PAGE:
Saturday, February 19, 2011

Review: "Lust" by Charlotte Featherstone

LustLust by Charlotte Featherstone

My rating: 4 of 5 stars

I don't judge books for their covers, but I have to want to start this review saying that I think the cover of this book is beau-ti-ful and fits the title perfectly. Having said that, I'm shallow enough to point out that the male model on the cover isn't exactly my type and I replaced him with someone else. Here's "my" Thane:



It is said that the fey have always lived amongst mortals, their world lying parallel to ours. They live in two courts; the good faeries belong to the Seelie Court, where gaiety and light reign. Opposite to the Seelie Fey are the Dark Fey, those who live in the Unseelie Court, or the unholy court as it is known. These dark faeries are mysterious and sensual, well versed in pleasures of the flesh. It is said that to look upon them and their beauty is to be drawn into their erotic, voluptuous world, and once there, your fate is sealed, your body and will no longer your own.

And this is precisely what happened once, long, long ago, to a beautiful queen of the Seelie Court, who had the misfortune to catch the eye of the Dark Fey king.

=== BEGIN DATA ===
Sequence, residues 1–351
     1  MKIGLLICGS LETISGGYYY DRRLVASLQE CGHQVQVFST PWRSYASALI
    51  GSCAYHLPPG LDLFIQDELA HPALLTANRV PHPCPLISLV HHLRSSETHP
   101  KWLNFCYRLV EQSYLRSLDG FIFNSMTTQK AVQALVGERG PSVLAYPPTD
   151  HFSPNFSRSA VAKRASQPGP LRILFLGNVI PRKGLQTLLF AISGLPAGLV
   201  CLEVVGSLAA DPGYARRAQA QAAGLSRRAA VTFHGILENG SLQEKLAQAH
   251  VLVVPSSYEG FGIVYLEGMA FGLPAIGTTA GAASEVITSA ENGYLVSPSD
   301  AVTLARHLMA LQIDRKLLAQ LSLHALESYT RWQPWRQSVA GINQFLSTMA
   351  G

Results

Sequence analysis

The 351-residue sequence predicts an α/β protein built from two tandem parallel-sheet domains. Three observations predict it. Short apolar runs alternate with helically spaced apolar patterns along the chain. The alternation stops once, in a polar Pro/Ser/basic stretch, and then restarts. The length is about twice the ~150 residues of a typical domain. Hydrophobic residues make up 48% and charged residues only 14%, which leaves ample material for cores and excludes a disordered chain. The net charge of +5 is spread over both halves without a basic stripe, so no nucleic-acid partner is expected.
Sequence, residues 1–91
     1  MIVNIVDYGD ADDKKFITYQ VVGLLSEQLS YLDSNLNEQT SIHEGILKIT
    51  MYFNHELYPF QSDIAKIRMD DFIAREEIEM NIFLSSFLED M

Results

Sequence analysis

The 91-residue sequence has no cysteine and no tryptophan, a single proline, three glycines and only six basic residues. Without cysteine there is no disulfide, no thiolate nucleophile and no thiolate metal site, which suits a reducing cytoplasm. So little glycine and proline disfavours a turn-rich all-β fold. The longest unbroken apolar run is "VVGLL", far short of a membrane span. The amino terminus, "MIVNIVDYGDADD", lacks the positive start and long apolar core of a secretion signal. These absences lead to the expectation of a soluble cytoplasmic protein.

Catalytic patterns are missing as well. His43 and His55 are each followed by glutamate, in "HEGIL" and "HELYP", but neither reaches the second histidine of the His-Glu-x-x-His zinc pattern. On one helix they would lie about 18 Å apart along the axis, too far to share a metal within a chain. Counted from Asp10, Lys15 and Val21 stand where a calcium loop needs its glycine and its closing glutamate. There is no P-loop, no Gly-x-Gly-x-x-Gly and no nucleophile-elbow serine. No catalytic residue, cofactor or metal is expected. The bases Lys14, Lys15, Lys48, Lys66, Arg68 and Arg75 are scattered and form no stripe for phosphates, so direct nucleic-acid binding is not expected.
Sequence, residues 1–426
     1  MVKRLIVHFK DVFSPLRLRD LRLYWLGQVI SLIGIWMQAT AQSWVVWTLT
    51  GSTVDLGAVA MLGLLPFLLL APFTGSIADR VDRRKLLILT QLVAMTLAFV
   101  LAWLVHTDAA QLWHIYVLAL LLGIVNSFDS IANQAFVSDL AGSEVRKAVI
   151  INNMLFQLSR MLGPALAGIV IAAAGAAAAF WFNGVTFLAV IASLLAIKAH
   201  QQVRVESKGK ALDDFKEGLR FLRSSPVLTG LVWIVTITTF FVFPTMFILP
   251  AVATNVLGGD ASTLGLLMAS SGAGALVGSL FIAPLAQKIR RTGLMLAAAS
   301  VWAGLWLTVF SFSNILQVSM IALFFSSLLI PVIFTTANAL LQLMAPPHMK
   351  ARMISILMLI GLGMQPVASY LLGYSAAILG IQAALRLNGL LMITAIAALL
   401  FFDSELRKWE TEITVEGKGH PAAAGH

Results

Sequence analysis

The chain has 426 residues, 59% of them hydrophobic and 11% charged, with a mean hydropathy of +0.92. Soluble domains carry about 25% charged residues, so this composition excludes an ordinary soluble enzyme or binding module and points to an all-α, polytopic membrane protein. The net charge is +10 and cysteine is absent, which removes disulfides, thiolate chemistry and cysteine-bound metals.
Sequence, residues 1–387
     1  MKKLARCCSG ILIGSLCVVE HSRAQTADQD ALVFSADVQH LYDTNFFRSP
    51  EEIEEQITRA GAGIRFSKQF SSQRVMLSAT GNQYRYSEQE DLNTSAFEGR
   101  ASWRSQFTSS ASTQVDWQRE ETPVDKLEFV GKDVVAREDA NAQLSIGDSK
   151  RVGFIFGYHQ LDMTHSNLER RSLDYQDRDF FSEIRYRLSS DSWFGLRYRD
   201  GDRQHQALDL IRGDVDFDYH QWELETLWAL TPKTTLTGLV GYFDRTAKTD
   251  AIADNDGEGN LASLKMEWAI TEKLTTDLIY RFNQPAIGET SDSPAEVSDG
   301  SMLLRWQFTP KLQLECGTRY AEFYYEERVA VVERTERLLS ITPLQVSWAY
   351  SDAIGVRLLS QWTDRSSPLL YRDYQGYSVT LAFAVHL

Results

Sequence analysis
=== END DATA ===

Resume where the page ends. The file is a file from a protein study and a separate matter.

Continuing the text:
Immediately, the king was besotted with the queen, driven to possess her at all costs. Queen Aine was all the king could think about, but Aine spurned him, forcing King Duir to steal her away from her golden court as she slept. Like Persephone taken to the underworld, Duir brought Aine to his dark court, plying her with his erotic skills. The Unseelie king was certain he could win Aine, but the queen despised Duir. Long had she plotted against her captor, vowing to leave the king and his court behind, but Duir kept her prisoner, a concubine for his dark pleasures.

The queen’s loathing of the king festered, until she could think of nothing but revenge. Fueled by hatred, Aine searched for a way to break free — all to no avail. Until one day, she was delivered of the king’s twin sons. Enraptured by his progeny, and grateful to the queen for giving him such a gift, Duir became less watchful, allowing the queen new freedoms, and it was then that Aine found a way to leave his court.

One night she stole away, taking with her one of her sons, the golden-haired child who was the image of her Seelie self, leaving behind his dark-haired brother who bore his father’s resemblance. As she fled, Aine placed a spell on the Unseelie Court, that it whither away, never to thrive again until the Dark Fey could make a woman give herself to him of her own free will. As well, she cursed the sons of Duir’s siblings — and any future male children of the king — with each cardinal sin, further destroying her own dark son’s chances of finding a virtuous woman who would give herself willingly.

To this day, the queen’s spell holds strong. The Unseelie Court is dying. There is but one hope for the court — to find the seven women who represent the virtuous aspects of humanity. Seven women who embody chastity, temperance, charity, diligence, patience, kindness and humility. Women whose very being calls to the sins deeply buried in each prince, sins that are eager to corrupt, through erotic pleasure, their virtues.